I suppose an able-bodied person could navigate this last mile, but I doubt anyone would.  Back at State Park Place there’s business on both sides of Collinsville Rd, including a Mexican restaurant on each side. I read somewhere a while ago that one is among the best Mexican restaurants in the Metro East.

My first task will be to contact Cahokia Mounds to see if they have any power wheelchairs/scooters for rent, their website doesn’t mention accessibility at all. I’ll also contact the Highway Dept at each county, though it might take state and/or federal funds to get anything built. I just want to get things…rolling.

Steve Patterson

 

St. Louis County Moved Mandatory Beg Button After I Complained About Not Being Able To Reach It

September 10, 2020 Accessibility, Featured, Planning & Design, St. Louis County, Walkability Comments Off on St. Louis County Moved Mandatory Beg Button After I Complained About Not Being Able To Reach It

Buttons used to activate pedestrian signals are derisively called “beg buttons.”

These buttons have long been decried and criticized by advocates for walking, anyway. The buttons’ purpose is less to keep people safe than to reinforce the primacy of cars on the street by forcing people who want to cross a street to “beg” for a walk signal. (California Streetsblog)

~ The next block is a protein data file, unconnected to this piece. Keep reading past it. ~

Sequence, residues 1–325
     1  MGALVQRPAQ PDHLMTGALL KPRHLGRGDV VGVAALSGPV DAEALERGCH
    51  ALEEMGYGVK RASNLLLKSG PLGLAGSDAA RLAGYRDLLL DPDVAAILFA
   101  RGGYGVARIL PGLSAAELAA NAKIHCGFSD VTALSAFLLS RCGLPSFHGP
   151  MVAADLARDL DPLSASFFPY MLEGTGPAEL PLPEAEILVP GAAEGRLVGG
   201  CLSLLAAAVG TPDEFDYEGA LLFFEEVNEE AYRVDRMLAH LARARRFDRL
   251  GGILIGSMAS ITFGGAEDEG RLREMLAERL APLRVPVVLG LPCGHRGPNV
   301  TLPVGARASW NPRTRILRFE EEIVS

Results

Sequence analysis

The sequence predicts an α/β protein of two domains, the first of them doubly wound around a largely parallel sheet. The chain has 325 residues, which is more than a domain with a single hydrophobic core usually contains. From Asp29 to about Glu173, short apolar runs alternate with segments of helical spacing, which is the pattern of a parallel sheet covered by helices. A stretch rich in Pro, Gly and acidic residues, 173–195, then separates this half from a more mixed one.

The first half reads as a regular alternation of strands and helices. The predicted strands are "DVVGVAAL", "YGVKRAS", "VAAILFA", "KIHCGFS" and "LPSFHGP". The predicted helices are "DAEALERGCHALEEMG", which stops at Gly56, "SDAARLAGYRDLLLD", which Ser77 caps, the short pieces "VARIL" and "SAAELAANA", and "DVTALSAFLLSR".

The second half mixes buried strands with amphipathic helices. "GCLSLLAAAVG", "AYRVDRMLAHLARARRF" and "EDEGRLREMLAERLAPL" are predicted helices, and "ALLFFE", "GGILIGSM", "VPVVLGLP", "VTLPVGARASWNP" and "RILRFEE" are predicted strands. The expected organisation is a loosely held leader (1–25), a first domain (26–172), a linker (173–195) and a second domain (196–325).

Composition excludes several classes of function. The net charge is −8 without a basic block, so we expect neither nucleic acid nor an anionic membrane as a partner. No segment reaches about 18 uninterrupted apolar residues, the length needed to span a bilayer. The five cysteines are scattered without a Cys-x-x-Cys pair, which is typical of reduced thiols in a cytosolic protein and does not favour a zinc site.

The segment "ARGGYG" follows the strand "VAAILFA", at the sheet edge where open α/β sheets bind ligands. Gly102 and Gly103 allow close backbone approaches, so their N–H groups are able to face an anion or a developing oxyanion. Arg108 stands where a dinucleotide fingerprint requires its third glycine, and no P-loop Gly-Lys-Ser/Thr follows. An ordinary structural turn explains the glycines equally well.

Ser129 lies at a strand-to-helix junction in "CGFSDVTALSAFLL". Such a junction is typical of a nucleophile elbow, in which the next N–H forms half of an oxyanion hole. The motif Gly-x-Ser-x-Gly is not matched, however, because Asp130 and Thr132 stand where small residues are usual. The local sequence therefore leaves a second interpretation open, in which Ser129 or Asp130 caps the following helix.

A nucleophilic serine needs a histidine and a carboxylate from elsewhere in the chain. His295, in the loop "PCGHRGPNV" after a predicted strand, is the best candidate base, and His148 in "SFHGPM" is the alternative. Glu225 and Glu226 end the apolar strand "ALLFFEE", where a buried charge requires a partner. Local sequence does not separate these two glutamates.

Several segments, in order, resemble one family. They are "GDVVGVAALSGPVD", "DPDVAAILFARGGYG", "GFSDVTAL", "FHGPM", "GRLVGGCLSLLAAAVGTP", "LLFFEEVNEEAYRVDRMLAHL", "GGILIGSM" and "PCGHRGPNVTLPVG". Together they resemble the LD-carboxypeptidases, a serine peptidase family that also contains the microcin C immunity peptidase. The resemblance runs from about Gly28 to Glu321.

In the City of St. Louis many buttons don’t do anything, a walk signal is displayed even if you don’t press it. In June I encountered an intersection in St. Louis County where it was mandatory to press a button to get a walk signal across one street, but not the perpendicular street from the same corner.

On June 3rd I was at the southeast corner of Hanley & Dale Ave, wanting to cross Hanley — but using a wheelchair I couldn’t get to the button.
Looking west across Hanley.

Crossing Dale Ave doesn’t require pressing the beg button, it activates the walk signal in conjunction with the traffic lights. However, if you don’t press the button you’ll never get a walk signal to cross Hanley. Even when Dale traffic gets a green light you’ve got a don’t walk unless you pressed the beg button. Without a walk signal westbound Dale motorists turning left onto southbound Hanley wouldn’t expect to see any pedestrians crossing the street. On June 3rd I had to cross, in my power wheelchair, even though I didn’t have a walk signal.

Thankfully left-turning motorists yielded to me.  I later shared my frustration on Facebook, Instagram, and Twitter.